Their third song “Rocky Mountains” also employ about the same structure, but with more bombastic overtones this time around. A down-tempo sound-scape that reminds me more of bands on the industrial side of the sphere. They don’t let any influences slip away from them, utilizing these with extreme care and within a perfect range. The fifth song “Tide” is an emotional roller coaster, which enhances their standing, musically, in these times – to a pure maximum. I don’t know of any other bands that can keep such emotions and bring them to a whole other level. At least not in this genre of borderline post-punk/new-wave. I believe they can take it even further, which I hope they do. I hope that when I look back on these times, I realize how much of an impact The Foreign Resort made, at least within their realm. This album is much better than anything they’ve ever released before, and to have such a great line between the good and the old is just fantastic. There aren’t many bands that heighten their activity and make even better albums the further into their musicianship they get. You should be proud of yourselves and your music, because you’ve done a heck of a great job on this album and it’s surely in the top as one of the best releases 2012 had to offer. Let’s hope that you stay that way and lets hope it gets experienced by many, many more people in the years to come. I must also add that some of the remixes were good, but they got a lower number in my chart, because their original songs were superior in that aspect. I’d have to put in the following remix as an honorable mention: “Orange Glow (Novachild Remix)“, which was the best remix the album could offer. However, a big round of applause for this album, you must listen to it.

Buy their album from their site, so click this link. You can also get the physical CD from wherever you find it, but I think that Monolathe Recordings will supply you with it. There are a lot of options over at their site.

Sun Of Eyes – Bedroom Demo

This demo is really weird all-in-all, but contain some pure noise. The song “Idioten På Stranden (The Beach Idiot)” had me dying of laughter. Because I don’t know if this was meant to be serious, but probably not. It sounds like someone trying to hum something below water, so the only thing that comes out of it is incoherent babble. If you’ve ever tried to give away a sound when bubbling away under water, you should know what it sounds like. This sounds exactly like it. At the same time, the instrumental sounds pretty much Mediterranean. For some weird reason it reminds me of an old Onkel Kånkel song, at least in some parts of it. The fourth song “Clouded Judgement” is really one of the better songs on this album, it’s pure noise-rock at the core with an almost inaudible sound-scape. Reminds me of a lot of the earlier death-rock demos for some weird reason, but it’s also got a nice rhythm to it which keeps me listening to it. Even though I had to turn down my sound, because the noise is so overtly audible in the mix. Which in turn renders in both a plus and a minus, even though the song is good when you see to its structure and what kind of feeling I get from it, the noise is so loud that it’s annoying at times.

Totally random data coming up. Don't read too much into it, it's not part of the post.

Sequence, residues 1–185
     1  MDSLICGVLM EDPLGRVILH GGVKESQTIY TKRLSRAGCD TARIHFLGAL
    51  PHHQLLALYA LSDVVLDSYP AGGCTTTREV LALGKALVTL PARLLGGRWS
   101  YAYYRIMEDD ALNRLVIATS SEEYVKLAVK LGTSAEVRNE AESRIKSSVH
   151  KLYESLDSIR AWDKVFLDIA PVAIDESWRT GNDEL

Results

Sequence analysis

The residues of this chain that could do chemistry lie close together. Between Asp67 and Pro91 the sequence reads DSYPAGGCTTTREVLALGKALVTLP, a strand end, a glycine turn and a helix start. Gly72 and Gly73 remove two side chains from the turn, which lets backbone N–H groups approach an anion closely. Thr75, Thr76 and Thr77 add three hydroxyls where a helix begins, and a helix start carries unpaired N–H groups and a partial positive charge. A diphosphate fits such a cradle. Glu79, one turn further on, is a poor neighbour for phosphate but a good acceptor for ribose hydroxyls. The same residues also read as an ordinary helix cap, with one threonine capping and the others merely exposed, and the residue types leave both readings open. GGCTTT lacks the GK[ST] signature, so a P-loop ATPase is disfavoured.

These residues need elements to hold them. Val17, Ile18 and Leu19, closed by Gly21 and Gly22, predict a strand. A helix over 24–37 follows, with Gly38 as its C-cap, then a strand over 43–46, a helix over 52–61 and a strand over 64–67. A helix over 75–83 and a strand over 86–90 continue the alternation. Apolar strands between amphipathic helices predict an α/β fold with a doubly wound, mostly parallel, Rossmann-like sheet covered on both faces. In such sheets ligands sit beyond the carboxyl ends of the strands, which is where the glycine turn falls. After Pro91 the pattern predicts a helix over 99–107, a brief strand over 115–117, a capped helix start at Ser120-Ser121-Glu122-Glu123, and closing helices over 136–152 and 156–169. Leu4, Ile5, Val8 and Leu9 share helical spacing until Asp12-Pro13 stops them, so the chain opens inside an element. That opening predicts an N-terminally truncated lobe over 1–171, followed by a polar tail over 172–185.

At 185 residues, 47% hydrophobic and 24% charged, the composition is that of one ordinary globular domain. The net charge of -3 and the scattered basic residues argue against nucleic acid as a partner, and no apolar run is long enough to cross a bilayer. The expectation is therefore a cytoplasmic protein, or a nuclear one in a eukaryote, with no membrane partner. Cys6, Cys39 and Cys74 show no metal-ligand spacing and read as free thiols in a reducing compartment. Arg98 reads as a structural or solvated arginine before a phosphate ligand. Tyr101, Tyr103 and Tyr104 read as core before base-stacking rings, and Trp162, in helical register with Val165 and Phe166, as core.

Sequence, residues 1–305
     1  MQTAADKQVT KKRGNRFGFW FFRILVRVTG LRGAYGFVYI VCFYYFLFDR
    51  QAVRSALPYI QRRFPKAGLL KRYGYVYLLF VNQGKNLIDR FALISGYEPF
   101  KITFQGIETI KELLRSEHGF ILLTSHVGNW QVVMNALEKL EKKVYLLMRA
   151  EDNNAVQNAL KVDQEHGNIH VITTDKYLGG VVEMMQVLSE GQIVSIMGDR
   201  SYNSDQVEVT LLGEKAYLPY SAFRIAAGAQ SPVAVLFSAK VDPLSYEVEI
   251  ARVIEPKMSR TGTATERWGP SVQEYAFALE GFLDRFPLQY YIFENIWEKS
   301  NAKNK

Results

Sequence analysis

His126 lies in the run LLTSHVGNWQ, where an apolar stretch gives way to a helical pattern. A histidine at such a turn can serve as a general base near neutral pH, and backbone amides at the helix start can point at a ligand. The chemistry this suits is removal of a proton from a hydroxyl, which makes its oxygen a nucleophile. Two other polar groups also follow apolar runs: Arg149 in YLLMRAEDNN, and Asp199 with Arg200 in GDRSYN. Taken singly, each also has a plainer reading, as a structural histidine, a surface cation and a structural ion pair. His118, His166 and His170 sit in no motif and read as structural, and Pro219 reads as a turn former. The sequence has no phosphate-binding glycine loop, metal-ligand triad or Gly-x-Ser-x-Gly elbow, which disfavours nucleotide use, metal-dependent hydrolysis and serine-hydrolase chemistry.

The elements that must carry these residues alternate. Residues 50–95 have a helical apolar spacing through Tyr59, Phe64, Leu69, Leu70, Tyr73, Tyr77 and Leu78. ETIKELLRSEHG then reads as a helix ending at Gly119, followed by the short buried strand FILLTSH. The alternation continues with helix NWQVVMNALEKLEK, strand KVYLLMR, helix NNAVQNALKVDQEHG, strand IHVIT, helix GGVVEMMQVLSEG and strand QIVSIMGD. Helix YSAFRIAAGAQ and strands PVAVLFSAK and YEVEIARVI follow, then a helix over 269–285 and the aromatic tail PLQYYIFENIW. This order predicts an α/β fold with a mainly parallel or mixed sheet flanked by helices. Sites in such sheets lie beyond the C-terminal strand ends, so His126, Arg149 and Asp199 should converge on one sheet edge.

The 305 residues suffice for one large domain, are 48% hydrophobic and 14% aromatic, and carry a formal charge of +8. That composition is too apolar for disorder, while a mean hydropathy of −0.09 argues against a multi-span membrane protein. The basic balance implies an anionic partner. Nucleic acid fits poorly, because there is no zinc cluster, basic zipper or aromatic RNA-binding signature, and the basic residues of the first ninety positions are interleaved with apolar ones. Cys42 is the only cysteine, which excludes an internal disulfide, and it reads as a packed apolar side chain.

When I get to the fifth song on the album “Birthday Party Strychnine“, it reminds me a lot of their latest addition. Since I made a mistake of not reviewing this first, it might be a little bit weird in retrospective. But I have to say that this reminds me of some good old The Birthday Party. Maybe not as catchy, maybe not as violent and schizophrenic, but almost headed in the same miserable direction. That, in turn, is a great compliment for this band since I think its got some potential flowing out of the cracks. I don’t think this demo is that great to be fair, but I think it shows a potential of wanting and trying to be something. It’s also just a demo that they’ve released recently and I must say that they bring a whole other kind of music to the table than most of those that have released a demo in 2012. I appreciate this at times, but sometimes it’s just too much. Hopefully they’ll continue, since they’ve already put out something after this and I hope that they’ll get closer to their main goal – whatever that is. I’ll be keeping my eyes wide open for this band.

You can download this for free over at their bandcamp. Or send them a mail if you’re interested in buying the album, via the contact-button on bandcamp.

Leidkultur – For A Better World 7”

One of the first German hardcore punk bands that I’ve found myself. Since I like the German language a lot, I believe that the first song “Der Horst” packs a punch, German-style. It’s got one of the typical sounds of the old school American hardcore, but at the same time states its sovereignty within the sound-scape. Which sounds a lot like the older oi punk bands from Germany to one point or another, utilizing a great strategy of combining a pissed off vocalist with nice riffs and fast drumming. I like how they’ve crammed the baseline into the foreground instead of forgetting it in the background. Second song “Mariyam” is even more up-tempo, but adding a lot more melody to the mix and some nice tempo-changes before letting loose on the total destruction of the sound-scape. Feels like I’m in the pit already, invited by Leidkultur themselves. Running around in circles to this music or jumping up on the stage and doing some crazy stage-diving to this music would be a more concrete vision. Third song “Trottel Zum Aufziehen“, is a continuation of this great formula. There’s not much changing, but now they’ve also got a back-up singer in the mix. I like how the sound-scape is on the border of being to balanced, but has some kind of muddy feeling to it when listening through it.